Archive for the ‘Gladys Taber’ Category

Country Chronicle by Gladys Taber ~ 1974. This edition: J.B. Lippincott Company, 1974. Hardcover. ISBN: 0-397-01023-0. 220 pages.

Gladys Taber needs no introduction to many of my fellow readers, but to those of you unfamiliar with her gentle body of work, I’ll merely mention that she was a domestic affirmationist who wrote well-received periodical articles and columns, journals, cookbooks and a few novels, from 1925 to 1980. Her last memoir, Still Cove Journal, was finished by her daughter Connie and published posthumously in 1981.

Country Chronicle falls into the pattern of the best of Gladys Taber’s rural-living journals. Arranged in seasonally progressing sections, in it she examines in some detail the natural world surrounding her 17th Century Connecticut farmhouse, her neighbours and current society, her pets, and her reminiscences of the past. There are, predictably, a few recipes thrown in here and there, most terrifically dated, but some decidedly good sounding.

Gladys Taber was a strong proponent of respect for the domestic arts, and whenever I read her I come away feeling slightly guilty for my own shortcomings in that area, but also encouraged in my own inner belief that a comfortable house and a well-furnished table are well within the capabilities of most of us, and well worth striving for.

Gladys Taber has enough astringency in her opinions to keep things from getting too impossibly sweet. In Country Chronicle we are made well aware of her past griefs and present physical infirmities; she is 74 at the time of the book’s publication, and feeling the effects of age on her body, as well as the loss of beloved people and animals in her life. Very relatable, which no doubt accounts for her broad appeal. Her popularity in her time is completely understandable; a quietly enthusiastic fan base still exists some four decades after her death, and her old home Stillmeadow, still in the family, has recently been the focal point of a successful land conservation initiative.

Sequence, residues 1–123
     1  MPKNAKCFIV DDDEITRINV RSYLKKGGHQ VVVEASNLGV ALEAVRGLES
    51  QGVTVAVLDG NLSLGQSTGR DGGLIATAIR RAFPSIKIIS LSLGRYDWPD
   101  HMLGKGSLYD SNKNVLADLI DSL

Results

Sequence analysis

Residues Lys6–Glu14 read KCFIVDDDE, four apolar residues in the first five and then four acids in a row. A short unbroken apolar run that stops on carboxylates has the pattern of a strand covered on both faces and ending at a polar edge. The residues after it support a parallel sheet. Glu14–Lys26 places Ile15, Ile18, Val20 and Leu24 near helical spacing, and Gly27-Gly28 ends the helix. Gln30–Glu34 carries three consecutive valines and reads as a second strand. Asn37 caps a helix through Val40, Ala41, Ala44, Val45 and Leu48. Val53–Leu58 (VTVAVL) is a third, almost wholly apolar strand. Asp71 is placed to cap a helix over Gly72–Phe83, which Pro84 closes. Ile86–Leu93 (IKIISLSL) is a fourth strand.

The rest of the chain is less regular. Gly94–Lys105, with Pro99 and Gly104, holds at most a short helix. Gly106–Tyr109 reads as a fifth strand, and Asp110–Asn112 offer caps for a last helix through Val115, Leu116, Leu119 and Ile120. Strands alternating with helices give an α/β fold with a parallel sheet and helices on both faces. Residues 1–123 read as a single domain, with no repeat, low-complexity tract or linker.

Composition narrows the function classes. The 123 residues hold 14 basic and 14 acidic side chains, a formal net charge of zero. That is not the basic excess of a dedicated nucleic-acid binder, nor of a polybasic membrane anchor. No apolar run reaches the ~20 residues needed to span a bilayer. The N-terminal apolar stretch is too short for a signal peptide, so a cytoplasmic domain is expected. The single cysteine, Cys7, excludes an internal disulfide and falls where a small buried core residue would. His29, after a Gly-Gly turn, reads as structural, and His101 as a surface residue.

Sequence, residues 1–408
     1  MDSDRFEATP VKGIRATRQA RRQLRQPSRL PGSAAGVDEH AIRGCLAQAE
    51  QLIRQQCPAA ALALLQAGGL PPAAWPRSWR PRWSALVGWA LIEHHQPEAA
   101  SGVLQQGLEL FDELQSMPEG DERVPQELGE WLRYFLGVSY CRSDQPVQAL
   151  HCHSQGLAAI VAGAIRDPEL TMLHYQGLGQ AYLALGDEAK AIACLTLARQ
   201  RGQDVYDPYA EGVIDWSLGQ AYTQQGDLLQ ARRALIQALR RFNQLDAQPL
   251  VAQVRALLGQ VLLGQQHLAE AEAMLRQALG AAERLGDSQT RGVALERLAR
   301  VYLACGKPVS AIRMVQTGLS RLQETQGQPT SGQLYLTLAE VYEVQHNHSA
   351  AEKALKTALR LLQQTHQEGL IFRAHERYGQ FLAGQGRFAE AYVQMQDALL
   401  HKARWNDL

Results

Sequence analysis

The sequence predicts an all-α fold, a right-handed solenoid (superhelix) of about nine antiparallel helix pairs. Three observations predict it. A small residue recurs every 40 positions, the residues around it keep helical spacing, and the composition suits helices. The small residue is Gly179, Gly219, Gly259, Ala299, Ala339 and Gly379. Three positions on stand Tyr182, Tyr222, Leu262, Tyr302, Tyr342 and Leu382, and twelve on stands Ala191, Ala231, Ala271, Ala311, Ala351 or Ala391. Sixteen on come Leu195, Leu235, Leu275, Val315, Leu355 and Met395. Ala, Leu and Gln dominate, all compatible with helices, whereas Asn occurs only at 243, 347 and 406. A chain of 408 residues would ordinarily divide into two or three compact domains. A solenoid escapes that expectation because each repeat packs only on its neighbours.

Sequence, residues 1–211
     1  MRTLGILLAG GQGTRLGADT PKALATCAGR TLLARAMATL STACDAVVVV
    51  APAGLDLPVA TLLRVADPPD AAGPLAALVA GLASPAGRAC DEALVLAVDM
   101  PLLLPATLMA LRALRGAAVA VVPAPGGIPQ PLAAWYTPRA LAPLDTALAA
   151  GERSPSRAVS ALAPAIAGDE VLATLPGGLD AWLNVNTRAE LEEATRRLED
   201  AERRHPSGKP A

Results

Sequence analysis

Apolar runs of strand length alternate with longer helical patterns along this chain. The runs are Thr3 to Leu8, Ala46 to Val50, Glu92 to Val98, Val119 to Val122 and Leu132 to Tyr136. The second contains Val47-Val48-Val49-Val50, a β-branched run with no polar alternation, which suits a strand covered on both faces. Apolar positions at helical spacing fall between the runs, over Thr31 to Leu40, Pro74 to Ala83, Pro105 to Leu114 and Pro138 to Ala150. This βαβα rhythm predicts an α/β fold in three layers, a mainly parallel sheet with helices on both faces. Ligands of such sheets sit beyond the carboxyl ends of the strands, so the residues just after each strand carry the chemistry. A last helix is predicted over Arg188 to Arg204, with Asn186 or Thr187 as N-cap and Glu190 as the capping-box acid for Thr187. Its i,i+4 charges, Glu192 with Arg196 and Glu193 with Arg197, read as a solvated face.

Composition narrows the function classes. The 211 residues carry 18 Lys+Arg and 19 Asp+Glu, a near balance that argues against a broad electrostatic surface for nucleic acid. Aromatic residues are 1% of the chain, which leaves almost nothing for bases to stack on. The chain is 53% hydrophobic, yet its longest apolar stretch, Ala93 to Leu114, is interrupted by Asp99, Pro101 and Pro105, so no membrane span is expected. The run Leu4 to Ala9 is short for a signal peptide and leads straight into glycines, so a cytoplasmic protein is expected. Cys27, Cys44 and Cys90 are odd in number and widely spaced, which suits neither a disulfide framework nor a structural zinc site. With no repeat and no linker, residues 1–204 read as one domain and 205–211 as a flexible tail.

Happy Sunday, fellow readers. Fall is in the air here, and the smoke from our region’s forest fires is at last lessening as things settle down with the coming of cooler nights and occasional welcome rainfalls. The wild geese are ganging up and running their practice flights up and down our river valley; the wild things are busy preparing for winter; the humans likewise.

Evacuation orders and alerts are being stepped back throughout much of the area, “normal” is once again becoming just that, as we cautiously take stock of what this challenging summer has meant to our region as a whole, and most of all to those personally affected by the loss of homes and livelihoods.

On the news we see reports of other parts of the world as strongly affected in their various ways as we have been here – fire, flood, storm, political upheaval, physical and moral violence in the most pernicious forms. Through all of this, human decency encouragingly frequently prevails.

On that note, I will leave you with a warm nod to this author, for at her best she is thought-provoking and affirmative of the values most of us, rural and urban dwellers alike, would like to live by. Gladys Taber is all about being a good friend and neighbour, giving and receiving help gracefully, surviving sorrows and setbacks, being kind to animals both wild and tame, keeping your surroundings in good order, and in general living lightly on the land and leaving things better off for your presence. Worthy goals, all of them.

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